Almost none of my poems are written to please anybody but myself. I suspect that sounds arrogant, but I don’t mean it in an arrogant sense — but rather in a sense that, as an artist, I’m trying to follow my own interests, and I’m not wanting to follow a standard of “what would others like?”
I often read with my creative writing students an essay by the poet Richard Hugo that has stuck with me. He says a couple things: that when one writes poetry, there is nobody looking over one’s shoulder. He says that if you want to communicate with others, use a telephone (rather than a poem). He at one point says things like: you owe the truth nothing—that if a town has nineteen residents but “seventeen” would make for a better sound-fit in the poem, go with seventeen. He also says that a poet might not know when to end a poem except that he/she feels the poem is done—and I guess that’s the guideline I’ve been learning to use.
And I emphasize “learning” because I think the most important thing I’ve learned about creative writing in recent years is to get rid of feeling I had to write to a standard, to a model, of what a creative work should be. It felt like a hard-earned lesson to allow myself to accept whatever came out of my creative process. Now, I don’t mean that I would accidentally write some description of brutality or something–I’m not writing in an unconscious trance—but I do mean that it is OK that I would write something, for instance, about headstones that “bleed sand,” even though that was a somewhat more-dramatic-sounding description than I had originally meant.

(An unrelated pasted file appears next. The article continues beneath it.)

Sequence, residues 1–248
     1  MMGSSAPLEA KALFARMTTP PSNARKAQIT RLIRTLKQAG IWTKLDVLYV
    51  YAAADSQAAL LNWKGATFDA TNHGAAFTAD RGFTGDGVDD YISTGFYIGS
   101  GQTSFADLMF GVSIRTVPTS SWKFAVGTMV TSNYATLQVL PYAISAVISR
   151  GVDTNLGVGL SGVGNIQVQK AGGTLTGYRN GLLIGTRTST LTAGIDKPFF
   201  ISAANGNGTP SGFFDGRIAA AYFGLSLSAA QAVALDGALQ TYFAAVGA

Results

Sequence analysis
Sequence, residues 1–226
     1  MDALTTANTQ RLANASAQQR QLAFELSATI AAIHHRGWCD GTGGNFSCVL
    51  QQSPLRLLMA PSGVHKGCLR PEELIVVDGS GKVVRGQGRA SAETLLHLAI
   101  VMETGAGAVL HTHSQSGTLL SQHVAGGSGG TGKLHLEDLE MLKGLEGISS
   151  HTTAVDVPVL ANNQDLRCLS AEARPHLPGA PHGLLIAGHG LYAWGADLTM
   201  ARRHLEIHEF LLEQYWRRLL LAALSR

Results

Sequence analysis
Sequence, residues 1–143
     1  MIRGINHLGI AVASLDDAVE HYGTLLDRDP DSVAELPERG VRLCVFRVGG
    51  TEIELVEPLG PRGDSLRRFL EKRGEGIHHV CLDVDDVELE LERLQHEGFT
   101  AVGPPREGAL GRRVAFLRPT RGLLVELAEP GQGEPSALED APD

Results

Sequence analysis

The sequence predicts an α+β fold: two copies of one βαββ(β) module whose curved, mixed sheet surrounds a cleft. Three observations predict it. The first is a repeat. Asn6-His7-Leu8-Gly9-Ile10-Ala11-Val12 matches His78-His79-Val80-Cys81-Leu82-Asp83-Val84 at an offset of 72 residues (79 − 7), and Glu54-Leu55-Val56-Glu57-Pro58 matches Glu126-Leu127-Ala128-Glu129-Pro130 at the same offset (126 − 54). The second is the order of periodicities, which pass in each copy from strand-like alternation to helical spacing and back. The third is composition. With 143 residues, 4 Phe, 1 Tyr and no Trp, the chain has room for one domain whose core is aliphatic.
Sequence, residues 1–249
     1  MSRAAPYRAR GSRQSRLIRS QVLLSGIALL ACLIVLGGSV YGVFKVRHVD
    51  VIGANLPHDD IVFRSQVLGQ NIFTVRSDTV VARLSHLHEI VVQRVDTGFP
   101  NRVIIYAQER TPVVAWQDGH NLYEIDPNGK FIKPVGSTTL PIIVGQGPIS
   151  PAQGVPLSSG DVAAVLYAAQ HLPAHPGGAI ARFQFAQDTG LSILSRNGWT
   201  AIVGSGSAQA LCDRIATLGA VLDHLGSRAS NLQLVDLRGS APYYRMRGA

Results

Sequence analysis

When I free-write a poem, writing down almost every word or phrase that comes to mind, I take the good (interesting) bits and the dull, cliché bits. The key of freewriting is for me to be accepting of everything, as open-minded as possible. Later I keep the bits that interest me the most, and I rearrange and try variations of these things, and I discard the parts that don’t interest me. I want to write a poem that surprises me. I don’t want to have the poem planned out in my mind before I start writing. I feel rewarded by a writing process of freewriting and being attentive to the possibilities of what’s happening on the page. (I find much less satisfying a process where I’m just filling in the blanks of a story or poem whose outline I have previously decided to use.) The danger, and what I had to learn to stop doing, is being overly self-critical in this early process. I freewrite the poem, I edit it as I go, and when I feel I’m done—when there is some kind of valuable (interesting) thing happening in a poem, and there is nothing that greatly detracts from that—I’m done.